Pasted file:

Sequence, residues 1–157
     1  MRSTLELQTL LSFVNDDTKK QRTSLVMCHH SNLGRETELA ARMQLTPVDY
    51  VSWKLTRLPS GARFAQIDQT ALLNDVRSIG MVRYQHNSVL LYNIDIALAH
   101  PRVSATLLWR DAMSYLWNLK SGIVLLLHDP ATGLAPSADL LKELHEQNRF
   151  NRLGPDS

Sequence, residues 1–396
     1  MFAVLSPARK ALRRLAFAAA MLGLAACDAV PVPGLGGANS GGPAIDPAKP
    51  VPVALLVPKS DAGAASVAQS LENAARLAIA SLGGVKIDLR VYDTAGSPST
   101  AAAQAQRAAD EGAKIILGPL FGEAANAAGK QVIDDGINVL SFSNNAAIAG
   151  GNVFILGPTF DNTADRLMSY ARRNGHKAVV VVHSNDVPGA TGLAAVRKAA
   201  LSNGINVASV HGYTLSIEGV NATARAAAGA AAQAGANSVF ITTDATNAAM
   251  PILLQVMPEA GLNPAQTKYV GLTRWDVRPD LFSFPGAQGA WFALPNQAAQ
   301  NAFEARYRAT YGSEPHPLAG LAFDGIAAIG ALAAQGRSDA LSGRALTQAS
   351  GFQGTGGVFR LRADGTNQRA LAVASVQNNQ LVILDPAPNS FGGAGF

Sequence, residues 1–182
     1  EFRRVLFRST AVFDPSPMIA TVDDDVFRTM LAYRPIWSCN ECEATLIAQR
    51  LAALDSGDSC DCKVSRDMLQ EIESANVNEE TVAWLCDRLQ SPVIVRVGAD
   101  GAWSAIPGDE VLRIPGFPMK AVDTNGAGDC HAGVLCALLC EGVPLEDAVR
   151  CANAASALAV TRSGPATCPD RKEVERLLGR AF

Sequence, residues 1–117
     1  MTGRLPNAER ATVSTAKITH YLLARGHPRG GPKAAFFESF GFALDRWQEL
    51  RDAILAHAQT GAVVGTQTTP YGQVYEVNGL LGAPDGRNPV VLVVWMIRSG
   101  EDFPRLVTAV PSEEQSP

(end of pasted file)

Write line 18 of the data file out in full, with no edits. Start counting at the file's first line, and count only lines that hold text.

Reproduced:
   101  GAWSAIPGDE VLRIPGFPMK AVDTNGAGDC HAGVLCALLC EGVPLEDAVR